CO 42.R2 (WS): k1, p3, k2, p3, k2, p4, k2, p3, k2, p3, k2, p4, k2, p3, k2, p3, k1
r3: repeat row 1
r4: repeat row 2
r5: repeat row 1
r6: repeat row 2
R1 (RS): k1, k3, p2, k3, p2, k4 (small cable left leaning rib), p2, [k3, p2, k3], p2, k4 (small cable right leaning rib), p2, k3, p2, k3, k1
r7: k1, k3, p2, k3, p2, CF4, p2, k3, p2, k3, p2, CB4, p2, k3, p2, k3, k1. This row has the first twist for the small cables.
R8: repeat row 2
R9: repeat row 1
R10: repeat row 2
R11:repeat row 1
R12: repeat row 2
R13: (larger cable set up row) k1, k3, p2, k3, p2, CF4, p2, T4F, p2, CB4, p2, k3, p2, k3, k1. Repeats every 18 rows.
R14: k1, p3, k2, p3, k2, p4, [k3, p6, k3], p4, k2, p3, k2, p3, k1
R15: k1, k3, p2, k3, p2, k4, p2, T3B, T3F, p2, k4, p2, k3, p2, k3, k1.
R16: repeat R2.
R17: repeat R1.
R18: repeat R2.
R19: repeat R7 (twist repeats every six rows)
R20: repeat R2.
R21: repeat R1.
R22: repeat R2.
R23: repeat R1.
R24: repeat R2.
R25: repeat R7 (twist repeats every six rows)
R26: repeat R2.
R27: repeat R1.
R28: repeat R2.
R29: repeat R1.
R30: repeat R2.
R31: repeat R13. (repeats every 18 rows from this point forward)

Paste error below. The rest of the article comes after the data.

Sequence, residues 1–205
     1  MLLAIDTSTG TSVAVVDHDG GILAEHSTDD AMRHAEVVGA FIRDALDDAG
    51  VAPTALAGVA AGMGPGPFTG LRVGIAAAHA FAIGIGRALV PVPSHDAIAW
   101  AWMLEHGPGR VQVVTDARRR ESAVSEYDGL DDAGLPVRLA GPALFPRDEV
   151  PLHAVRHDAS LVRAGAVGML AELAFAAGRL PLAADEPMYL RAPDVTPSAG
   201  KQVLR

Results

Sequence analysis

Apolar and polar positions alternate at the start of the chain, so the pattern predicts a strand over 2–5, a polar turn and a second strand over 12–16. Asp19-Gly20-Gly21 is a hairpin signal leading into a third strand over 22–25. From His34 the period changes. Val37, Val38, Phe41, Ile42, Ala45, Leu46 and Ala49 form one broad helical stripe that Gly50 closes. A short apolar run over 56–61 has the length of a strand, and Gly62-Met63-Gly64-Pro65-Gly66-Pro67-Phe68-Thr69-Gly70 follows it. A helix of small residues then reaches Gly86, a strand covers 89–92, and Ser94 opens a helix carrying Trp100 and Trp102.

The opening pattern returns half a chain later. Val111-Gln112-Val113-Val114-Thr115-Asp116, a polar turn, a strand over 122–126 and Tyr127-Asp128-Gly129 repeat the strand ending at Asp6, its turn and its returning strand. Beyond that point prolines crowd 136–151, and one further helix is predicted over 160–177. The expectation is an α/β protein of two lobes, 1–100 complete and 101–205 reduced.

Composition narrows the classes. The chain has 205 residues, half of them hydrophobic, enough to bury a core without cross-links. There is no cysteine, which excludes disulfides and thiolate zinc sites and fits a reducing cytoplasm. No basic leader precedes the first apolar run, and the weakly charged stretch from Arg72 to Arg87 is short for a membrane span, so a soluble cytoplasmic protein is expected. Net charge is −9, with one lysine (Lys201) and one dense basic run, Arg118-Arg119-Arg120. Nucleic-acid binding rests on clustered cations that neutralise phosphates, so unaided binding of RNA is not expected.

R32: repeat R14.
R33: repeat R5.
R34: repeat R2.
R35: repeat R1.
R36: repeat R2.
R37: repeat R7 (twist repeats every six rows)
R38: repeat R2.
R39: repeat R1.
R40: repeat R2.
R41: repeat R1.
R42: repeat R2.
R43: repeat R7 (twist repeats every six rows)
R44: repeat R2.
R45: repeat R1.
R46: repeat R2.
R47: repeat R1.
R48: repeat R2.
R49: repeat R13.
R50: repeat R14.
R51: repeat R15.
R52: repeat R2
and so on until the scarf reaches the desired length.
I am very fond of the Red Scarf project AND of course, supporting the Girl Scouts AND fellow knitters. A win-win for me for sure. As I can’t seem to locate red yarn (I know, shocking but i put a moratorium on buying yarn a year ago and hit the reds first), I’m knitting in a deep kelly green. The GS leader asked me to provide some pointers for new knitters. Those (with the pattern) appear below. Happy New Years. Best from Wildlands. JIG
I stumbled across a project for the Orphan Foundation of America through Interweave Magazine. For the last five years, handmade crochet or knitted scarves have been donated for kids who have aged out of foster care and are now in college. The OFA includes these red scarves in the kids’ Valentine’s Day packages. For more information on the Red Scarf Project, please see here.
From humble beginnings two weeks ago, the scarf is now finished! I used Paton’s wool which is soft but sturdy. I designed a simple 3k/2p ribbed pattern broken up by simple opposite cables with a larger chain cable down the center. I’m am really happy with it!
I’ll block it tomorrow and then send it off in the post. While it is too late to encourage others to knit one for this year’s submission, I highly encourage everyone to pick up your sticks sometime this year and knit one for submission by mid-December.
And now, I’m on to knitting peace cranes (to be felted) for the www.knitnotwar.com art installation later this year in Portland!